Will the retail apocalypse hit the wine business (being prepared may not be a bad thing)
All around the world there are signs of an impending retail apocalypse. Seemingly no industry is out of the reach of this doom as more and more businesses shift away from physical retail stores and instead focus on online sales while ramping up their distribution networks. It got me thinking, is the wine industry going to face a similar fate? Or will it be able to survive? Though we cannot be sure right now, the best thing anybody can do is be prepared and make sure your businesses are ready.
What could possibly make wine buying/selling move online?
We may not see the business shift coming for a long time, but in some ways its already right there happening in front of us. Certain industry trends will cause small wineries to look for revenue and the easiest opportunity for them could be the online route. Wine Enthusiast has warned that restaurant sales will dry up for small wineries. Most restaurants rely on distributors to be the gatekeepers of the wines available to them, and this is especially the case for chain restaurants. The one silver lining in this regard is the growth of independent restaurants being new avenue for small wineries, but the challenge of being discovered by these restaurants still remains.
One other factor is the souring of the wine club revenue stream. The idea behind having a wine club is a good one. You get recurring revenue from people who enjoy your wine. But in reality the challenges have been laid bare. High growth rates have been met with almost identical attrition rates. Wine clubs are just not growing fast enough to make them worthwhile. You also have to take competition into consideration, as companies like Winc (for better or worse) offer a more varied product offering. Even Blue Apron, Martha Stewart, and Macy's have wine clubs.
Wineries should begin to look more into selling online
If traditional revenue sources are challenged, through volume and profit margins, then it makes sense for a business to look into new sources of revenue. Thankfully for a lot of wineries, that revenue source is there and they are using it. They just need to do a better job of it.
Sillicon Valley Bank Vice President Rob McMillan mused that wineries are relying on 60% of their revenue to come from direct to consumer sales, but only 3% of sales come from online sources. That is pretty slim, and it means that 97% of your revenue in that channel relies on at least one physical interaction taking place (ie a visit to your winery). That puts a lot of strain on keeping up physical interactions which are expensive and require a lot of effort to start earning a profit off of them. McMillan continued "If wineries could get that number (percentage of sales coming from online sources) to 15% or 20%, that would be the next revenue stream."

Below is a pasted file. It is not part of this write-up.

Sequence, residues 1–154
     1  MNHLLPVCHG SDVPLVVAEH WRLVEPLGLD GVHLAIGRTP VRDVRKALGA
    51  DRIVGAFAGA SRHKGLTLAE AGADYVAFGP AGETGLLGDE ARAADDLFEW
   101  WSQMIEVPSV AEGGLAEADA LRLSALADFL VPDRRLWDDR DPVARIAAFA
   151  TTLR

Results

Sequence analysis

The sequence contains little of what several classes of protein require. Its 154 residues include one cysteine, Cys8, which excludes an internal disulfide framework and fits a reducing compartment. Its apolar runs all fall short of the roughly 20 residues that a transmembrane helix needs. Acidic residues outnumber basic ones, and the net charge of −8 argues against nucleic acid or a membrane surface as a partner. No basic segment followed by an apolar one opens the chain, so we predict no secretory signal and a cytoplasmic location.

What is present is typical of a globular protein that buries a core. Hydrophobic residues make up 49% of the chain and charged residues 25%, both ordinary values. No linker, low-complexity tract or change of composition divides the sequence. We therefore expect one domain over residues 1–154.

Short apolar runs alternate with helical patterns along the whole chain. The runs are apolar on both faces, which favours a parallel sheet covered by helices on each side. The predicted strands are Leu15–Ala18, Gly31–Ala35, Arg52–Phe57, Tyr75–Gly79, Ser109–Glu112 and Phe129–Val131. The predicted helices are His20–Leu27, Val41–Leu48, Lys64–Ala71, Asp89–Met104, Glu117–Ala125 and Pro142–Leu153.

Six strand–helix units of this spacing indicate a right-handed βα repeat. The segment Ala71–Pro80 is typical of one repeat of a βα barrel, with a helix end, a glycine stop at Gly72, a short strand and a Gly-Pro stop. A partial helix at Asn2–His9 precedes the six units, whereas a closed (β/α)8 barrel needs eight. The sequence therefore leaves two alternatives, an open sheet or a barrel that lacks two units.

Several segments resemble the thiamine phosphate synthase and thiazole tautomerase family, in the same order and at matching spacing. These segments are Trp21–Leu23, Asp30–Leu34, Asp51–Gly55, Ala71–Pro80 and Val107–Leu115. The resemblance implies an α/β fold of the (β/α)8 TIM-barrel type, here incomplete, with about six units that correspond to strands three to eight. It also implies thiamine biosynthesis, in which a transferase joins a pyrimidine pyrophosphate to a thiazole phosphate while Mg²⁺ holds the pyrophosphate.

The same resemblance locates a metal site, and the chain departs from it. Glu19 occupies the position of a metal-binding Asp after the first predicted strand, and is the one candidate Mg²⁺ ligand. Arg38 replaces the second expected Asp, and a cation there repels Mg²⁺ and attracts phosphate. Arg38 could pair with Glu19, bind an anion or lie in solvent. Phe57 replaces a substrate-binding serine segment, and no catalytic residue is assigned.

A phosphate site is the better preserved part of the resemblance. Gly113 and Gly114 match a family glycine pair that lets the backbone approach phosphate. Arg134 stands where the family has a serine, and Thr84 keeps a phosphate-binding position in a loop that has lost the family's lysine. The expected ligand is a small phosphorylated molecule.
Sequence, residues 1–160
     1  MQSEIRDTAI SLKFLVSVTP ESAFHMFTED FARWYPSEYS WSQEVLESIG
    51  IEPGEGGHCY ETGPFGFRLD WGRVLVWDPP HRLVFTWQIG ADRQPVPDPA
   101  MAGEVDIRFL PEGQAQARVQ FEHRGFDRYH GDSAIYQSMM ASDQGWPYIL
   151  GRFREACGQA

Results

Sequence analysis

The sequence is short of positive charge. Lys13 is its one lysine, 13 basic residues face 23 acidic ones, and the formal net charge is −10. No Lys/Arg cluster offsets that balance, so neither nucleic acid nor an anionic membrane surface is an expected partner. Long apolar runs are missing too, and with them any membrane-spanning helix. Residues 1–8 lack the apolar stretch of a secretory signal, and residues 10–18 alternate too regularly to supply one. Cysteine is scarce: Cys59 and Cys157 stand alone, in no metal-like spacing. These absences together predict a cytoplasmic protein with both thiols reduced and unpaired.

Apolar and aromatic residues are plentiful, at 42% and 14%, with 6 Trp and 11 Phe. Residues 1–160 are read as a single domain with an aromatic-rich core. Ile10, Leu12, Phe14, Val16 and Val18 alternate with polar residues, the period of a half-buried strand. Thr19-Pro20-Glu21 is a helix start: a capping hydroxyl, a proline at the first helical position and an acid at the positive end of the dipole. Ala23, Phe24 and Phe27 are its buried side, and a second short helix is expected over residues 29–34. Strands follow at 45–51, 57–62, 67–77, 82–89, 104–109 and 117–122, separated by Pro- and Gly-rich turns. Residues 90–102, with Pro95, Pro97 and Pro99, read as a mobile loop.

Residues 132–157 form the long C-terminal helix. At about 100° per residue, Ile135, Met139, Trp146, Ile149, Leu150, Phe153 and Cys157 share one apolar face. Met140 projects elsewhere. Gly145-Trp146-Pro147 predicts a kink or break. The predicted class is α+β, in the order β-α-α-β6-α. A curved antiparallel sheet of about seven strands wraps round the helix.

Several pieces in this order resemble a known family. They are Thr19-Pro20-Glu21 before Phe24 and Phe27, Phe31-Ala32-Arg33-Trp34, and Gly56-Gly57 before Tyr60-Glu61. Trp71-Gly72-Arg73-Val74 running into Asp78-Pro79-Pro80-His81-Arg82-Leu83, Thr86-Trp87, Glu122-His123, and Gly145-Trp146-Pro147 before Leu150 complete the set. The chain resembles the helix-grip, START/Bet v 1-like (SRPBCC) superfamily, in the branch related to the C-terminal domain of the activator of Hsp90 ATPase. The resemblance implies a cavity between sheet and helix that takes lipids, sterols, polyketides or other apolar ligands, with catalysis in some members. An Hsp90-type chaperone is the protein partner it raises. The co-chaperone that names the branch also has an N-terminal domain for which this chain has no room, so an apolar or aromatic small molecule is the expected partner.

But what about the experience of buying wine in person?
As an industry, we collectively put a lot of emphasis on experience of buying the wine in person being a crucial factor. This is why we host tastings, run tasting rooms, and have events. It is still important, but I am not sure it is as crucial as we think anymore.
We have to look at why we think the experience is crucial for the consumer, and whether or not we can replicate that experience in an online or digital setting. Countless industries have successfully navigated this conundrum, so why can't wine? What we have to do, and this is by no means an easy task, is make sure we get to the very heart of what consumers want and how we can make it easier for them to buy.
What the online route offers is greater control over your customer interactions, allowing wineries the opportunity to cement and grow their relationships directly with consumers. If you are a winery reading this, know that your customers are doing this with almost everything else they purchase in their lives. Their clothes, their electronics, and everything that makes them who they are gets purchased online. If you can give them the option to buy from you online, and you can make it super easy, then they will be more inclined to purchase directly from you. They know where you are, where they can find you, and have access to you whenever they want it. This can only be a good thing, and will be opening up a world of potential for new and repeat sales.